A great writeup on Hunahpu Day, and I agree with Joey Redner's assertion that the craft beer industry used to be 99% asshole free. Unfortunately, there is always the rogue element of people who scam the system or get greedy just to make money (rather than honestly working for it) - counterfeiting, duplicating, sneaking in to paid events, hogging scarce supplies just to scalp the product later for profit.

Eventbrite checkins prevent duplicate tickets - but after waiting in line in the sun, I have to applaud Cigar City employees for believing that people bought tickets legitimately and allowing people in and believing that it was a minority of duplicate tickets. Incredible to think there was such a high amount of dishonesty and greed in the mix. (I hate paying real dollars for tickets and getting scammed!)

All in all, the entire Tampa Bay Beer Week - including Hunahpu Day - was an awesome coming together of good people, great brewers, homebrew clubs, distributors, retailers, the community (both St Petersburg and Tampa city councils issued proclamations), and craft beer lovers from near and far.

Let's rally behind one of our own, Cigar City Brewing, who have done so much for craft beer and the local Tampa Bay economy, and continue to support and honor the innovation, imagination, fine craftsmanship, and wondrous flavors of craft beer brewed locally. When any one of us suffers financially, our entire community suffers.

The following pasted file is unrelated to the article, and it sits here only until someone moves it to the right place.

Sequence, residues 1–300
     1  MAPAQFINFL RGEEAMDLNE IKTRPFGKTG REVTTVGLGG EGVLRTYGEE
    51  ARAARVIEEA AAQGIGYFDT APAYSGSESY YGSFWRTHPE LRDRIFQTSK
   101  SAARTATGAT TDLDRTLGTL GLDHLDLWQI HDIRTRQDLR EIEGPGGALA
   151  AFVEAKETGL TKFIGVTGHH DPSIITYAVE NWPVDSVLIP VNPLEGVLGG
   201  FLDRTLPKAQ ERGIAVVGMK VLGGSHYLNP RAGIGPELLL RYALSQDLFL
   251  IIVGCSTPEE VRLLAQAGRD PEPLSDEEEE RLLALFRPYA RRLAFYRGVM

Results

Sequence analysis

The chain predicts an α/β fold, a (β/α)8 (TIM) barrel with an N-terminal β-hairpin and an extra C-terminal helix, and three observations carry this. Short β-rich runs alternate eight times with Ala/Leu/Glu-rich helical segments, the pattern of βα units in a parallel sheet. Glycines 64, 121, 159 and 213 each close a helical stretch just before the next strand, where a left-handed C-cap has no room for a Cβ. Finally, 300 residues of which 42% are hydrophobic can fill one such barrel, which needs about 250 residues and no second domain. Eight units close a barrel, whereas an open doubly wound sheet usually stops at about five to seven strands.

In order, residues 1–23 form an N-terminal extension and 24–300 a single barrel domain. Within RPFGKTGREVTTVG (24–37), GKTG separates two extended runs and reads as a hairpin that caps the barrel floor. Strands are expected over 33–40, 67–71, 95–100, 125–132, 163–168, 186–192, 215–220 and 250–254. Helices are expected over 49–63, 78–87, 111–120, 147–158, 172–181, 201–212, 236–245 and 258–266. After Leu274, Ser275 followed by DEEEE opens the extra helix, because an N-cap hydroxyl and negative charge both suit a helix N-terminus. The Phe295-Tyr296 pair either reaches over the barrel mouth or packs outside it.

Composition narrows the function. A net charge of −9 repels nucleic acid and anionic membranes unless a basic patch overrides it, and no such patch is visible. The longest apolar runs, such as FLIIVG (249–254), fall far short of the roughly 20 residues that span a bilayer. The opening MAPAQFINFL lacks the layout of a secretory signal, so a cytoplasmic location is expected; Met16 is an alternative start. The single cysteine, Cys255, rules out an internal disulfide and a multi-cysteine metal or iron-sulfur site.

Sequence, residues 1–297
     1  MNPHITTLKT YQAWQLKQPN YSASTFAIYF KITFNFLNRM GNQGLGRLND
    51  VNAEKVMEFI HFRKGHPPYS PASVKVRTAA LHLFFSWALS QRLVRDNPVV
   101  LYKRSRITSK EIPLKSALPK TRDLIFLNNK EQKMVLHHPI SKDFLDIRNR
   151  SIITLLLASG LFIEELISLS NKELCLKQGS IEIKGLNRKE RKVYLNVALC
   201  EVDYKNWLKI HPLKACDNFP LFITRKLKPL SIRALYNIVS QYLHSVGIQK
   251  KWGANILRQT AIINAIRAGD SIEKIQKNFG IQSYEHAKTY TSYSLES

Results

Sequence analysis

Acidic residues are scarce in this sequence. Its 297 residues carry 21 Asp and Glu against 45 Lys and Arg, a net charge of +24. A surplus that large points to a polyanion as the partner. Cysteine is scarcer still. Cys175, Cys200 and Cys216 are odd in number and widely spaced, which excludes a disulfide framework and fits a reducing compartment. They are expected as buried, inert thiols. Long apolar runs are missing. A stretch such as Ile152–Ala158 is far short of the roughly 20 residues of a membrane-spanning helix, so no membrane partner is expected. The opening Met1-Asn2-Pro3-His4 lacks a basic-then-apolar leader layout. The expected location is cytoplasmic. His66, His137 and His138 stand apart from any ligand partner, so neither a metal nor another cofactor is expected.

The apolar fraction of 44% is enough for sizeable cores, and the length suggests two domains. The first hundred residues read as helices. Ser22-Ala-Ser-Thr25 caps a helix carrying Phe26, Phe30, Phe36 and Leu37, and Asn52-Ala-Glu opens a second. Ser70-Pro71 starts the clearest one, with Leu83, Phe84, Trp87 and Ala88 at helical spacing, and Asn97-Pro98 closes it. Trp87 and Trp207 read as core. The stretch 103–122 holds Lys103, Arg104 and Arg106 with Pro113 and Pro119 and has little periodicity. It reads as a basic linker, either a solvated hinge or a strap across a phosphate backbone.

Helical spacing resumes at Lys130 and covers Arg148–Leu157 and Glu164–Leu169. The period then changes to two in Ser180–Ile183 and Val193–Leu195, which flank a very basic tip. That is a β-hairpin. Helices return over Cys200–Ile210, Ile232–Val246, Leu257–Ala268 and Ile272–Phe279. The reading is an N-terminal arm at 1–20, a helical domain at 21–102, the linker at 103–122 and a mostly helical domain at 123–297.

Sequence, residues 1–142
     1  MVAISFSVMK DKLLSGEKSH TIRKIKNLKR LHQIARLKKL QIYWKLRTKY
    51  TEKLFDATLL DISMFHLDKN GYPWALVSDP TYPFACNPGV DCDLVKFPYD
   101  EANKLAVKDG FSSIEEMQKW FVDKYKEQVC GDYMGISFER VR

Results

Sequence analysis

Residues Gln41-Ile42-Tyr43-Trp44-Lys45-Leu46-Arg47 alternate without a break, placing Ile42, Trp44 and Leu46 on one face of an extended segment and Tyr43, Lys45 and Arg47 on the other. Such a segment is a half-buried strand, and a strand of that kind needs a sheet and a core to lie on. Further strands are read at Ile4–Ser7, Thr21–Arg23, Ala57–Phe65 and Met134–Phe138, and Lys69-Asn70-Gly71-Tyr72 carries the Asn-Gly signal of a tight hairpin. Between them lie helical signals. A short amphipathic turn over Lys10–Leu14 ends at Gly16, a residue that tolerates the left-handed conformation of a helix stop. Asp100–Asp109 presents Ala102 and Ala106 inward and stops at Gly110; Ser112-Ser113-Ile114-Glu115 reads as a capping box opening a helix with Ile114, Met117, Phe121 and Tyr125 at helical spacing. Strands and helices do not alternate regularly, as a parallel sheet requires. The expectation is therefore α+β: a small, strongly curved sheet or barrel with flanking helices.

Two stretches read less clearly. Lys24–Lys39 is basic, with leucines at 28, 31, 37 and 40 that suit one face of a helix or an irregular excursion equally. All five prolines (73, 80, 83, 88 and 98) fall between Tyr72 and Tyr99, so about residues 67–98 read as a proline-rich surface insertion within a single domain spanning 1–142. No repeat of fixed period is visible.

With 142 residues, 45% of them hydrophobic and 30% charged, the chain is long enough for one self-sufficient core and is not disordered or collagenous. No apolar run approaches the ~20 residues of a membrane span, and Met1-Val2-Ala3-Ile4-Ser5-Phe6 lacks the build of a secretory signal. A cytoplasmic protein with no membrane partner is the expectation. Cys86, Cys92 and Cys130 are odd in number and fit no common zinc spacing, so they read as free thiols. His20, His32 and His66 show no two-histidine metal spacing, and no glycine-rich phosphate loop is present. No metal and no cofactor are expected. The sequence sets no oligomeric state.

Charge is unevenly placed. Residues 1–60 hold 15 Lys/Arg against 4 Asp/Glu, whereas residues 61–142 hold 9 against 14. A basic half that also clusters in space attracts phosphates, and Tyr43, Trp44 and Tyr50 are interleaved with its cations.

Let's buy local, drink local, and support the our Tampa Bay area brewers and the industry by frequenting the tasting rooms, buying the brews, going out to local events, dining out at craft inspired restaurants, drinking at the taprooms and choosing local brewpubs. Our local brewer and restauranteurs work to bring us great brews, and ought to be as busy everyday as they were during Tampa Bay Beer Week.

I never intended this to be a monologue but I'm a bit passionate when it comes to craft beer and the great people who dedicate their lives to the cause. In the words of Dennis Miller - "of course, that's just my opinion. I could be wrong..."

Carol

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Posted by CarolDekkers on 03/10/2014 at 2:49 PM

Always sucks when the minority make it unbearable for the majority. Time to go with something like brown paper tickets and checking ID's so beer sold only goes to those whose names match the order.

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Posted by BeerJesus on 03/10/2014 at 3:13 PM

Why were you selling "rare" beers BY THE CASE if you didn't want people to be greedy? Take some responsibility for how poorly planned everything was instead of blaming everyone else.